Throughout this paper, we use the terms Klamath River Basin and the Basin interchangeably to reference our study region.
While there are other widely cited definitions of food security, including the one established at the World Food Summit in 1996, we cite the USDA definition as we are engaging with USDA measurements and evaluation of food security that are used in the context of food security in the USA, the country of our study.
An abbreviated version of the core module consisting of a 6-questions was also developed (Bickel et al. 2000).
The initial measurement of food security and hunger in the USA started in 1995 with the first Food Security Supplement to the Current Population Survey implemented by the National Nutrition Monitoring and Related Research Act (NNMRR) (Public Law 101–445). This Act included a ten-year comprehensive plan for the National Nutrition Monitoring and Related Research Program, directing the USDA and Health and Human Services to define and measure food security (Cohen 2002). The Federal Food Security Measurement Project, a collaboration among Federal agencies, academics, and commercial and non-profit organizations, developed the HFSSM and standardized food security measurement over several years of testing and developing measurement tools with annual food security surveys. Previously, there was minimal consensus on nationwide hunger and food (in)security trends with several varying estimates but no hard, reliable data to concur national trends of food (in)security and nutrition (National Research Council 2005, 2006).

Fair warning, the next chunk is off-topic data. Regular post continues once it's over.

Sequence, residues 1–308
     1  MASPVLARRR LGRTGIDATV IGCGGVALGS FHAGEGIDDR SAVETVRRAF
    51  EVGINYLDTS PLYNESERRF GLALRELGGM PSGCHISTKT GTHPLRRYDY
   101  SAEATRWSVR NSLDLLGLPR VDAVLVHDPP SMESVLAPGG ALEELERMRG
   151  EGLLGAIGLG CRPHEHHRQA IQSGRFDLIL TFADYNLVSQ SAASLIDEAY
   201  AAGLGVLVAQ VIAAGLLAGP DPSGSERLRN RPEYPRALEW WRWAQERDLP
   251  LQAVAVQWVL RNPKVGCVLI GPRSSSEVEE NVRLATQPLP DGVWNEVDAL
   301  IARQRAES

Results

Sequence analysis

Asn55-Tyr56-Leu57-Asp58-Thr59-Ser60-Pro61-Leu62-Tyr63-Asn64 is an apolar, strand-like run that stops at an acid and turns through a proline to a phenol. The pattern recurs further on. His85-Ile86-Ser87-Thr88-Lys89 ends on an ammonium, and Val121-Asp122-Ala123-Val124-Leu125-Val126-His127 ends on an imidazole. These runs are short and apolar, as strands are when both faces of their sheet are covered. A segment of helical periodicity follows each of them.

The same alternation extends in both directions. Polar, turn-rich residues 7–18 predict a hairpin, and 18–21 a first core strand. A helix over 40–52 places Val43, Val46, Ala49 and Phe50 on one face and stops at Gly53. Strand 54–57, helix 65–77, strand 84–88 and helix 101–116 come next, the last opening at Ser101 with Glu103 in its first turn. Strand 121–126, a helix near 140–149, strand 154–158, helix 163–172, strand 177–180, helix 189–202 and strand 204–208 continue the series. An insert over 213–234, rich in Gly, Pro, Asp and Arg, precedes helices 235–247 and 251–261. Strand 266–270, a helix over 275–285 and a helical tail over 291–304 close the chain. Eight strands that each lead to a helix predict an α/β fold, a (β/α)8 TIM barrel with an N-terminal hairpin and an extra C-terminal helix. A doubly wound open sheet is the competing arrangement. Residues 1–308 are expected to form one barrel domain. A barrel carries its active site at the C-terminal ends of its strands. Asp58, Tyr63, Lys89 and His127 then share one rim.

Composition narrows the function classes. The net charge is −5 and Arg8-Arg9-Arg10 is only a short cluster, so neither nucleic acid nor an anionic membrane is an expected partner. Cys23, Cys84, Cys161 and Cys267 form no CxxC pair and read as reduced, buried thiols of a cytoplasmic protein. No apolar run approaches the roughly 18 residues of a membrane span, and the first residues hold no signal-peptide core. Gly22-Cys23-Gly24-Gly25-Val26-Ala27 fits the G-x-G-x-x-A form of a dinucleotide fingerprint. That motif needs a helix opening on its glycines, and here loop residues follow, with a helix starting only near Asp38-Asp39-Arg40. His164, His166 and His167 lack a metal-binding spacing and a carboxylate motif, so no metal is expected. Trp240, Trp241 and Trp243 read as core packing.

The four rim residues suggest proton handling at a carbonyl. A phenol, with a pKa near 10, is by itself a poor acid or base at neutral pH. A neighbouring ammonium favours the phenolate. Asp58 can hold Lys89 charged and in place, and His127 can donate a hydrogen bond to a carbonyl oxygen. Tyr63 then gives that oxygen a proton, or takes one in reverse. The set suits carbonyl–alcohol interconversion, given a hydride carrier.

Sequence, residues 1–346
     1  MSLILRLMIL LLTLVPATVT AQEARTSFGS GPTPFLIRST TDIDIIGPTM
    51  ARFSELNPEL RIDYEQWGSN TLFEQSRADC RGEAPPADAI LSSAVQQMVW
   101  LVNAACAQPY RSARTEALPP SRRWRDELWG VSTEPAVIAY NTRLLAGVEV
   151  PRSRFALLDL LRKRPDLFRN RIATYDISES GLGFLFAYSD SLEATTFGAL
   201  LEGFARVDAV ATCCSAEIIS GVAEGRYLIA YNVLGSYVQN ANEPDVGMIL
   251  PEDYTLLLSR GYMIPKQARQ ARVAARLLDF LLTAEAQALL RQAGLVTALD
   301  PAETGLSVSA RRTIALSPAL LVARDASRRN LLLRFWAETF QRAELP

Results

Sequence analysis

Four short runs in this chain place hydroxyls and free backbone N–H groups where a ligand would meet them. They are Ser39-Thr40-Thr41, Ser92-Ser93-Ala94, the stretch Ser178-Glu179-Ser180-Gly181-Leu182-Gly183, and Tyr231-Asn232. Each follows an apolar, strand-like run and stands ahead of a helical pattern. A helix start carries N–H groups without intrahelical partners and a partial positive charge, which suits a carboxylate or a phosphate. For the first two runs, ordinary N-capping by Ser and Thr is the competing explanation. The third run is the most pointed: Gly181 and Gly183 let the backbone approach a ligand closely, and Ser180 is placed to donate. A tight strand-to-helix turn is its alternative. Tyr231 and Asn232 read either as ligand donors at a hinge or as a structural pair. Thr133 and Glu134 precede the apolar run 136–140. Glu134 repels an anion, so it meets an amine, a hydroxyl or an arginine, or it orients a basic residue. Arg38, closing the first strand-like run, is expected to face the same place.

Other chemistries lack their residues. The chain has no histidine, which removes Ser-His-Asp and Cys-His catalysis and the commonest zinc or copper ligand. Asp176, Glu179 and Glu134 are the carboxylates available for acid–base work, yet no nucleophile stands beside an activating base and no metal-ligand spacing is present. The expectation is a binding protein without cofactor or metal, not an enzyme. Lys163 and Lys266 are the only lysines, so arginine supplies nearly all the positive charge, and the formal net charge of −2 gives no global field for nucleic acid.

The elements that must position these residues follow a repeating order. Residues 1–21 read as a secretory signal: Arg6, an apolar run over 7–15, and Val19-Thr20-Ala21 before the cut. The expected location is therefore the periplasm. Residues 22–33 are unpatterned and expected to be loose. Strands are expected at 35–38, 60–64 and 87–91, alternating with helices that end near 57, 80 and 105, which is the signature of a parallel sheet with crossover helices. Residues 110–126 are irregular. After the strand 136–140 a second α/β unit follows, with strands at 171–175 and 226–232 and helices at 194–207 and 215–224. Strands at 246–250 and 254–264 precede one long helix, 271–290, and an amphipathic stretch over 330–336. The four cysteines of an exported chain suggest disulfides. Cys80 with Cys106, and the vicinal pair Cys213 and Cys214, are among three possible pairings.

The report does disaggregate data by race but only for Black and Hispanic populations. In a recent study, using the Current Population Survey Food Security Supplement, Jernigan et al. (2017) analyzed the food insecurity trends of Native Americans compared to other racial and ethnic groups in the USA from 2000 to 2010.
In their study evaluating food insecurity among California households at or below 200% of the federal poverty line, Jernigan et al. (2013) found that prevalence of food insecurity was similar among Native Americans and Whites (38.7% vs 39.3%).